The beauty of box pistols

Harry Westgate

More than 500 posts
Hello all,

I just wanted to say a few words regarding my own personal view of the use of box pistols.

Likely, any Naked Warriors out there will be familiar with the box pistol as a means of progressing to the regular pistol squat. While it was my primary tool of choice in building up to the pistol, I have recently come to the realisation that, at least for myself (I'd like to emphasise that this may not be the best thing for everyone, depending on strength levels, coordination, etc.), the pistol is a highly valuable drill in and of itself, and is well worth coming back to regularly, or perhaps even being the focus of one's pistol training, even when un-boxed pistols are 'mastered' (if that's truly possible...).

My personal reasons for this realisation have been that despite having the leg strength and balance to do pistol squats, I still have my 'bad days' when the coordination just doesn't quite seem to be there, and I get frustrated because I end up falling on my backside at the very bottom. I get frustrated due to the fact that I've done a consecutive 50 reps per leg before, plus sets of 5 reps with 24kg, so a stud like myself shouldn't be tumbling over with that kind of experience! However, I bit the bullet, threw my ego out the door, and cracked out my old friend in the form of a curb level Tupperware box, which allows me to do pistols to just above rock bottom. The method I use, as opposed to Pavel's recommendation of sitting back on the box before pressing back up, is to just touch the box with my backside, still tense, and go back up. The invaluable lesson that this practice has taught me is, well, TENSION! What I had grown accustomed to was allowing myself to somewhat 'fall' into the rock bottom position (likely the reason for my inconsistent ability to balance all the way down), as opposed to remaining fully tense and steady all the way to the bottom. Lightly touching a box however, has meant that I have to move nice and steady, remaining tense, so that I don't just fall into the box, thus defeating the purpose of the drill.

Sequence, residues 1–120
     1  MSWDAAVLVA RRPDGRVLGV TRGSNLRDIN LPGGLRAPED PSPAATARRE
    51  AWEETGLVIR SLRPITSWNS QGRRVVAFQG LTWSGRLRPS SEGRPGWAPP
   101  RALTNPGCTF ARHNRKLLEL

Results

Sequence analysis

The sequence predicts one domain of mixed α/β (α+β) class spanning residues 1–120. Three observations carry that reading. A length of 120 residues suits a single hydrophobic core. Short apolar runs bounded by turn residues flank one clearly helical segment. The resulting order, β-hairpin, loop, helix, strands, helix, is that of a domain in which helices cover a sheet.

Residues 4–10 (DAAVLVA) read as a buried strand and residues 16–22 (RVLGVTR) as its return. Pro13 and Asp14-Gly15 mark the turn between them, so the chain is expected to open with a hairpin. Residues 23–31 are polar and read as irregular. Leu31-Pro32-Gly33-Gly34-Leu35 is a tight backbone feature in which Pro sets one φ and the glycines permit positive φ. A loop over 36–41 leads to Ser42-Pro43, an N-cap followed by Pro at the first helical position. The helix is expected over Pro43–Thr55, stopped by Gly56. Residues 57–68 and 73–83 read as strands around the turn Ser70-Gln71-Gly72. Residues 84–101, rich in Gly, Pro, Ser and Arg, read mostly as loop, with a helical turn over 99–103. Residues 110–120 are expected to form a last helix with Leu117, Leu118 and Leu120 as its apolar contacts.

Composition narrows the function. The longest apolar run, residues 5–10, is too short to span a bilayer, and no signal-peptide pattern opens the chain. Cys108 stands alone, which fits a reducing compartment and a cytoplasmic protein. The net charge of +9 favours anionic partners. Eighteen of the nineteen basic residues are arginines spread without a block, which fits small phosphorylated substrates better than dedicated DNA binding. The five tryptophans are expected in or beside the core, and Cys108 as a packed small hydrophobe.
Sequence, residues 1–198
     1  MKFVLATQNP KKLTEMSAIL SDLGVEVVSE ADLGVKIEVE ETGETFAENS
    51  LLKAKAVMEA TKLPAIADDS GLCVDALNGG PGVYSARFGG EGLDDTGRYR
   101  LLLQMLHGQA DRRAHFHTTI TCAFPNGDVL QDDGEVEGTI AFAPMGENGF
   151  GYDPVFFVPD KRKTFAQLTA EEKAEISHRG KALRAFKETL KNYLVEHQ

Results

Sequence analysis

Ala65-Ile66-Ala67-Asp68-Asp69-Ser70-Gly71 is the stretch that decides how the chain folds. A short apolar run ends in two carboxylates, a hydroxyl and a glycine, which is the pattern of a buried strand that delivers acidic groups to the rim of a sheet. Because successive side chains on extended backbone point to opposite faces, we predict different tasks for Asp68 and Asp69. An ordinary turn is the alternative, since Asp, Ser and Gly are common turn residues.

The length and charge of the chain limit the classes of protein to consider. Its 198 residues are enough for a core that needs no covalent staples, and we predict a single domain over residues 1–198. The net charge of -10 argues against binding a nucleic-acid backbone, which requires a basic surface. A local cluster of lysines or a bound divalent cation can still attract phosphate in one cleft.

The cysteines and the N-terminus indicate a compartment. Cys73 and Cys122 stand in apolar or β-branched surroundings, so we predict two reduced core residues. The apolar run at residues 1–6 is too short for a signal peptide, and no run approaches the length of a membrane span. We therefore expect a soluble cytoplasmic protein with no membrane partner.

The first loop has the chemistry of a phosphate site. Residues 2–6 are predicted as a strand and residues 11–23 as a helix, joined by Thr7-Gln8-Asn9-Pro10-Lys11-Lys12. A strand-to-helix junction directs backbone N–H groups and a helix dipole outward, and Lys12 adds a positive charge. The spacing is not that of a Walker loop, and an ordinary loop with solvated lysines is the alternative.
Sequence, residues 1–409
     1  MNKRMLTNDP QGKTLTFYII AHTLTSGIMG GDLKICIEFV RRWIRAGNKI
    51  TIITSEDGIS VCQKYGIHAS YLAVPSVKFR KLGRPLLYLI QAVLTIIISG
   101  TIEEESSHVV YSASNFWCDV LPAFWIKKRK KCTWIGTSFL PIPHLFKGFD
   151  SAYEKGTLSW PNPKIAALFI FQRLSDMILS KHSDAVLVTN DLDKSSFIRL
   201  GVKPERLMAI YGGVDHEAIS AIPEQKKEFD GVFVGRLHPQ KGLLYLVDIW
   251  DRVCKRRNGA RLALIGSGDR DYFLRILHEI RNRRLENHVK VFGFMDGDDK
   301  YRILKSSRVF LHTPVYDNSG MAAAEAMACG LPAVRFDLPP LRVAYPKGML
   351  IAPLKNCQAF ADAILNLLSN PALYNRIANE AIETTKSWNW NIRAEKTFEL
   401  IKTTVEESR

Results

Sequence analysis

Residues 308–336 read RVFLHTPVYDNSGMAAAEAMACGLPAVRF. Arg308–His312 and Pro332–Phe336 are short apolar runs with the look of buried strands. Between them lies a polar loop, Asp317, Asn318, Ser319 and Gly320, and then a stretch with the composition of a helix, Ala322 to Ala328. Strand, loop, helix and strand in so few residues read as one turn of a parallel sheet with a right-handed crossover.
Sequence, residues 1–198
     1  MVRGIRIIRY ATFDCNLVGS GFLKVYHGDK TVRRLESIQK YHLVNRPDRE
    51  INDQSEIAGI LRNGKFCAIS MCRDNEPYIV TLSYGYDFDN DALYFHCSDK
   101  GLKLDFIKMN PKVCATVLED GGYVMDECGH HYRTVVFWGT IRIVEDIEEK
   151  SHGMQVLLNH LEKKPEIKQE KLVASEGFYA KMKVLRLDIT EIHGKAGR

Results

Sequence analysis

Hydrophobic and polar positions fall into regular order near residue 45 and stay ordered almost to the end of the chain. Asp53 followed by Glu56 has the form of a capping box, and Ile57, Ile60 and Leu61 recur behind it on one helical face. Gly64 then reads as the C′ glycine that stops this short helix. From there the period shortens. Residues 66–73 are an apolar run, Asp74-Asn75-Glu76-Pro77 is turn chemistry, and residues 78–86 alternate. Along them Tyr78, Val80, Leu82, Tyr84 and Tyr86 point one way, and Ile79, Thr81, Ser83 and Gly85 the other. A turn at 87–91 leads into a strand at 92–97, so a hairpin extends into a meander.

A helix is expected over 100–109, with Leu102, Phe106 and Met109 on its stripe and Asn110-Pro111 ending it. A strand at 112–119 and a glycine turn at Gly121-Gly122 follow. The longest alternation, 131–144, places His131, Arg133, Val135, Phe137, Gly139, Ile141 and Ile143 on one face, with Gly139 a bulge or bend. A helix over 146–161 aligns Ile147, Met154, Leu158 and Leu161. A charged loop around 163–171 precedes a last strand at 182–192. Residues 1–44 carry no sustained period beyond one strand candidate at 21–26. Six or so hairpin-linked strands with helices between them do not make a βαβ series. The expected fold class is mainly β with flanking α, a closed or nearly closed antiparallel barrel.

Alas, the box pistol shall remain a dear friend of mine and I shan't be neglecting it again any time soon (or hopefully ever)!

Hopefully others might share my experience! :)

Thanks,

Harry
 
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Matts

More than 300 posts
Good for you, Harry! that's a classic way to do them to just break the momentum/bounce in the squat and use proper muscles to come out of the hole. I think the method in NW is focused on being part of progression for people learning how to do pistols.
 

D-Rock

Triple-Digit Post Count
Excellent post and observation. Since reading Naked Warrior several years ago I have more or less always been able to do a pistol. However I am not sure they were true pistols as I now suspect I was falling into place as you were and probably less than perfect form at that. I had a recent experience that reminded me of what you said about tension.

I decided to do some GTG "box pistols" by assuming the pistol position and sitting down with one leg whenever I had to sit in a chair. I could barely do it!!! The tension I had to use to keep from falling and slamming into my seat was incredible. However it wasn't until your post that I thought about this experience and realized that maybe I was dismissing an important training tool.
 

Harry Westgate

More than 500 posts
@D-Rock exactly. What you say there about slamming into the chair is exactly what I'm trying to avoid now with my box pistols, remaining tense like I described above ensures that there are no weak points throughout the range of motion or moments of poor coordination. I have found that I have little to no trouble with my right leg (my dominant side), although my left leg struggles. I believe this is a reflection of the high levels of coordination and total body awareness required for the pistol.

Some people might want to roast me for saying this, but it is my personal opinion that the pistol isn't actually that hard from a pure, brute strength standpoint (honestly, I'd say it's about as tough as a tactical pull-up in terms of the tension/effort required per rep - I'd love for anyone to offer their personal opinions on this, as I only have my own, very personal journey to draw from), but the real difficulty lies in the balance requirements of the drill. At least that has always been my experience with it; by the time I was able to actually balance all the way up and down, I could do a good handful of reps (maybe 5?) while pretty fresh, because I'd built the strength in the involved muscle groups from doing the progression exercises such as box pistols, rocking deck pistols and counterweighted pistols.